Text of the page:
The government now sells 10-year notes and 30-year bonds. In choosing to add the 20-year securities, Treasury said Thursday that it anticipated strong demand for them. Treasury last issued 20-year bonds in 1986, before it switched to 30-year securities instead. Mohsin notes that previously issued 30-year Treasury bonds with 20 years left to maturity yield about 2.15%, roughly two percentage points more than Japanese or German 20-year bonds.

Why not longer-term bonds?

“The 20-year bond fits more easily into the existing market structure,” Lou Crandall, chief economist at Wrightson ICAP in New York, told Bloomberg. “This is a way of taking advantage of long-term interest rates that are low by historical standards without introducing a wild-card such as an ultra-long bond, which would have had more growing pains.”

Other bond investors echoed those sentiments, noting that 20-year bonds would be more useful than the ultra-long 50- or 100-year offerings Treasury had considered.

The Treasury Department said its goal was to expand the federal government’s borrowing capacity while keeping costs down. “We seek to finance the government at the least possible cost to taxpayers over time, and we will continue to evaluate other potential new products to meet that goal,” Treasury Secretary Steven Mnuchin said in a statement.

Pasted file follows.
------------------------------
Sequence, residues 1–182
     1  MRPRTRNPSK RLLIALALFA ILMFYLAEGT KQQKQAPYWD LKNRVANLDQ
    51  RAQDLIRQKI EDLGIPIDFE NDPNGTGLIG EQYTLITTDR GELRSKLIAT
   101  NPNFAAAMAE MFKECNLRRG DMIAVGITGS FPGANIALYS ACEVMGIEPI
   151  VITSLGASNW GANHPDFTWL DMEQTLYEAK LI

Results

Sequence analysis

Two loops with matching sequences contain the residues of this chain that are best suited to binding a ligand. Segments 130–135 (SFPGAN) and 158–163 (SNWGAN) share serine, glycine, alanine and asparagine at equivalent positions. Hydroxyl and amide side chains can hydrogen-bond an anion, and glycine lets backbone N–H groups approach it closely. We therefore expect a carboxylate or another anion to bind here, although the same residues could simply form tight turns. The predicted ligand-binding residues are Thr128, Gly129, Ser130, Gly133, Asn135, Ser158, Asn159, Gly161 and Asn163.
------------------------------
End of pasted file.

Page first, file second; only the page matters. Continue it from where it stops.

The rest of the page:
Bloomberg columnist Brian Chappatta writes that, after twice reviewing the idea of ultra-long bonds as a way to take advantage of historically low interest rates, Mnuchin decided to play it safe. “And it was the right call,” Chappatta argues. “There was simply no way to know for sure that the government could successfully place 50- or 100-year bonds at monthly or quarterly auctions in any kind of reasonable size.”

Treasury’s latest decision, he adds, suggests that the U.S. may never turn to ultra-long bonds. If Mnuchin couldn’t justify extending maturities now, “when the federal government is running $1 trillion annual deficits and the 30-year U.S. yield is just a few months removed from an all-time low, it seems unlikely the department will ever give the green light,” Chappatta says.And that’s just fine with the Treasury market.”

Quote of the Day

“I’d still be able to take vacations and I’d still have two airplanes.”

– Stephen Prince, a member of the Patriotic Millionaires, a group of wealthy Americans pushing for higher taxes on the rich. Bloomberg’s Sophie Alexander interviewed five members of the group to find out why they joined, and why they think they should be paying more in taxes.

Chart of the Day: Medi-Cal's Major Growth

“Medi-Cal had a big decade,” writes Harriet Blair Rowan at Kaiser Health News. “The number of Californians enrolled in the state’s health insurance program for low-income residents swelled by 5.5 million from 2010 to 2019. It now covers 1 in 3 Californians and 40% of children. The program’s annual budget — a combination of state and federal money — tops $100 billion, more than the entire state budget of Florida.”